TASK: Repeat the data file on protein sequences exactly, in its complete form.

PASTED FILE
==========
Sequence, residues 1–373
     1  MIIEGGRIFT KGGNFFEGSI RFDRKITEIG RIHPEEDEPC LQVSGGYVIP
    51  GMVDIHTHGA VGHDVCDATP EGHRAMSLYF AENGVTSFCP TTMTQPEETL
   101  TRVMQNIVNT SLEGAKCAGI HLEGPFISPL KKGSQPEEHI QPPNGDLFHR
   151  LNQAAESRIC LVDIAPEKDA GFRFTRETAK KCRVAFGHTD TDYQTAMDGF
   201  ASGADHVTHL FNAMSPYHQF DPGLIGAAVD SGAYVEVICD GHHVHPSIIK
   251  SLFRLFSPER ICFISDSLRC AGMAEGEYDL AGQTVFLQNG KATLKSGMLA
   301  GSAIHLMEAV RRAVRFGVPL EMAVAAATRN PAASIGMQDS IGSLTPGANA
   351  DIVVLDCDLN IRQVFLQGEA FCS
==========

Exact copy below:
Sequence, residues 1–373
     1  MIIEGGRIFT KGGNFFEGSI RFDRKITEIG RIHPEEDEPC LQVSGGYVIP
    51  GMVDIHTHGA VGHDVCDATP EGHRAMSLYF AENGVTSFCP TTMTQPEETL
   101  TRVMQNIVNT SLEGAKCAGI HLEGPFISPL KKGSQPEEHI QPPNGDLFHR
   151  LNQAAESRIC LVDIAPEKDA GFRFTRETAK KCRVAFGHTD TDYQTAMDGF
   201  ASGADHVTHL FNAMSPYHQF DPGLIGAAVD SGAYVEVICD GHHVHPSIIK
   251  SLFRLFSPER ICFISDSLRC AGMAEGEYDL AGQTVFLQNG KATLKSGMLA
   301  GSAIHLMEAV RRAVRFGVPL EMAVAAATRN PAASIGMQDS IGSLTPGANA
   351  DIVVLDCDLN IRQVFLQGEA FCS